A low and long “Dong…” came from the phone, he continued, “That’s the sound from the singing bowl. I never thought that it would make me feel more calm than ever before.” He began to practice mindfulness meditation by following the short video from “TreeholeHK” on YouTube. “Negative emotions are gradually being released, which is more effective than taking medicine. Mindfulness meditation took me out of darkness and faced the light again,” he said.

Nobita remembers clearly the first time he saw the short mindfulness meditation video. He followed the instructions to navigate his mind, closing his eyes, slowing his breathing, and letting go of all his fears.

Nobita described that when he first started practicing, plenty of strange thoughts always came to mind, which really spoiled his concentration. But once he put his focus back on breathing and learning to be at ease with them, he was able to overcome. By practicing daily, he felt very relaxed and finally gained the courage to walk out of the room. “Mindfulness meditation allows me to understand myself once again, control my emotions and be at ease with the outside world,” he said.

Build a Steely Will for Hong Kong People

TreeholeHK made all the changes possible for Nobita. TreeholeHK’s founder, Peter. Chan Kin-yan, said during an interview with the Epoch Times, “Human consciousness actually has lots of potential. Realizing this has a profound impact on me, and I really want to introduce it to other people.”

Mr. Chan was born in the 1990s. He got his first-class honors from the Department of Psychology at Hong Kong University before going to Oxford as an exchange student and later authored a number of books on psychology.

Instead of pursuing a high-paying job after that, Mr. Chan founded TreeholeHK in 2018, trying his best to popularize psychology and mindfulness meditation in Hong Kong, helping the public learn to understand and train a healthy mind and apply it in daily life.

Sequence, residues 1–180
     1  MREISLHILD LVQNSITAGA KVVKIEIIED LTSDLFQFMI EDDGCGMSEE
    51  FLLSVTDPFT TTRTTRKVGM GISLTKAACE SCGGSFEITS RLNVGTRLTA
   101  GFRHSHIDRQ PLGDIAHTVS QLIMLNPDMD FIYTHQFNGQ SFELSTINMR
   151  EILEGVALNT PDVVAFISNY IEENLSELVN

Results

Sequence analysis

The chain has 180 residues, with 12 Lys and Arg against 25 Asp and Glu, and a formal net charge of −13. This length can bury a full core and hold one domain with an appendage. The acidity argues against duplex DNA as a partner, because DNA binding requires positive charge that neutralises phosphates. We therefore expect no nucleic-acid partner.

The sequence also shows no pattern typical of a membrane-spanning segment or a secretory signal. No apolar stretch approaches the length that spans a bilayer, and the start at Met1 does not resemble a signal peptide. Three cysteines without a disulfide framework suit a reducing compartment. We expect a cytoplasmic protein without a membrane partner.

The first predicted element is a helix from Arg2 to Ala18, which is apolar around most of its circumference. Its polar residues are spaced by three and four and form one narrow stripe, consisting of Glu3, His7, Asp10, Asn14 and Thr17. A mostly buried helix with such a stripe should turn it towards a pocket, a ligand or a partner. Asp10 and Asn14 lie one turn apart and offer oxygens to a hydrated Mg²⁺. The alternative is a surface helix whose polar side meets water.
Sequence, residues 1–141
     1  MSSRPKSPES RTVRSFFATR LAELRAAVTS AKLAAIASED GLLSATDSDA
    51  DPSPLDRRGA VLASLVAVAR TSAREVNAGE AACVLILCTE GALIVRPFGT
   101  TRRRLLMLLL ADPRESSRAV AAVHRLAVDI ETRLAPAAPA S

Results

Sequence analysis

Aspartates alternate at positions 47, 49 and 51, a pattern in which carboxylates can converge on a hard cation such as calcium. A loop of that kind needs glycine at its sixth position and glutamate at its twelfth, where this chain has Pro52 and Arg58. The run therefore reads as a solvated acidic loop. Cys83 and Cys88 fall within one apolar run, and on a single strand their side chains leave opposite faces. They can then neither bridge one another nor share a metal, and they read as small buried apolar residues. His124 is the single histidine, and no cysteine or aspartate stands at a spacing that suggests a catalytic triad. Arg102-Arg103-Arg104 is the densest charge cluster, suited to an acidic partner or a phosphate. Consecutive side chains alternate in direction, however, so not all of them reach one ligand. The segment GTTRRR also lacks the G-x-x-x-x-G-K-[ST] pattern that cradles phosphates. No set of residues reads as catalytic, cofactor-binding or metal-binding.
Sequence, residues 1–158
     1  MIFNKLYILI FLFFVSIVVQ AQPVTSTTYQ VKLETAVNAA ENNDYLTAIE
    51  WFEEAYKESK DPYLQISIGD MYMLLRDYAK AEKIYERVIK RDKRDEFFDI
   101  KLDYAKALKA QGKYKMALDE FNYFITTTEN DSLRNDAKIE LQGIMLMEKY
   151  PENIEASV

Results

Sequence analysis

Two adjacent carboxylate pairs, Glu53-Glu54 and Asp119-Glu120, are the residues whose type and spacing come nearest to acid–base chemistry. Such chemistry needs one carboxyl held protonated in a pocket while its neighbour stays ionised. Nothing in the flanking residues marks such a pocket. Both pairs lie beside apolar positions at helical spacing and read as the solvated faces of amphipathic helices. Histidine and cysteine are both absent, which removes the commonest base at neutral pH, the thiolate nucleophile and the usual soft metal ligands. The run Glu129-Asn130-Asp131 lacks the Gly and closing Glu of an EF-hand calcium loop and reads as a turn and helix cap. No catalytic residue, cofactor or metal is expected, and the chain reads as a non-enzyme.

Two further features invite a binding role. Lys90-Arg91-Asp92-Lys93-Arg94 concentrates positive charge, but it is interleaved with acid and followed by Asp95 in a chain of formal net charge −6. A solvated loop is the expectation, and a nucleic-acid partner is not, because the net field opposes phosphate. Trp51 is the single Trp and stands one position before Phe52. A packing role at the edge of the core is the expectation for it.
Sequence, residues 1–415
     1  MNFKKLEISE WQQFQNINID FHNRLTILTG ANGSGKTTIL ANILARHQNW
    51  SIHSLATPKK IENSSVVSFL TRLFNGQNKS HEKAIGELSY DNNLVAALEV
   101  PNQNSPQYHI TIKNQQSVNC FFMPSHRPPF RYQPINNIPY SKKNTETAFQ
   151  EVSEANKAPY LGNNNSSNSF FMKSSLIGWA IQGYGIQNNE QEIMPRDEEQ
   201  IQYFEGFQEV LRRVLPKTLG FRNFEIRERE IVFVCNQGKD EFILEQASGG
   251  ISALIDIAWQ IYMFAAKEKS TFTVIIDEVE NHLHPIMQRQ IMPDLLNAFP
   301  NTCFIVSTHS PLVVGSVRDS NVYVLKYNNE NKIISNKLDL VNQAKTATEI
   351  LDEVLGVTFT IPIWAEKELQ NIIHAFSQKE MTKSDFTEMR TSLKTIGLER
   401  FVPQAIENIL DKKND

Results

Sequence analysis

“We are committed to using psychology to build a steely will for the Hong Kong people.”Mr. Chan said. TreeholeHK’s motto: ‘Building Resilience for the Times,’ often appears in their videos.

Oxford University is at the forefront of the contemporary study of mindfulness. Being an exchange student there gave Mr. Chan a chance to be exposed to and learn more about it. “During the process, I came to realize that when you really take yourself seriously, you will be rewarded and start to love your new self. This is exactly the message TreeholeHK wants to bring to the public.”

For Mr. Chan, psychology and mindfulness meditation are simply inseparable. “The practice of mindfulness has a long history in eastern cultures. There is a well-established set of values and metaphysics to understand it. For example, ancient people regarded mindfulness as a way of spiritual practice, often embedded in religious doctrines.”

“Nowadays, we also look at this kind of innate ability of self-awareness from a scientific perspective, which to a certain extent helps broaden its scope of influence.”

Mr. Chan points out that people’s spiritual realm is actually very broad, clinical psychology tends to focus more on the pathological aspect, which is not where his passion lies. “From learning history, learning experiences of people around me, and from the collective memories of Hongkongers, I realize that human consciousness has a strong and resolute side, which is very intriguing and made me want to explore it further and improve the spiritual strength of people. This is why TreeholeHK was established.”

Since its inauguration in 2018, TreeholeHK has received dozens of invitations from different companies, including some mega enterprises, to conduct corporate training. It also appeared in major newspapers and magazines, Mr. Chan told us. When people talk about psychology, most of them only discuss the aspect of mental health, primarily on how to make people feel more comfortable and so on, he added, “Within TreeholeHK we explore more on the mindset, an extremely precious asset that we must master and use well. This latter part is what really resonates with the general public.”

Loving Hong Kong Is a Blessing

Hong Kong today is becoming less and less familiar to Mr. Chan, but he stresses it is still his home. “I love Hong Kong and I won’t leave her just because it changes.”

In his 2021 book titled “Fear and Hope: Psychology Written in Troubled Times” (Chinese language only), he said that “it is a blessing to be able to stick to the one you love.” That is what he sincerely believes, as well as his personal experience.

TreeholeHK wishes to provide Hong Kong people with a kind of help that turns psychology into willpower. “It is not an easy task, but we will try our best,” said Mr. Chan.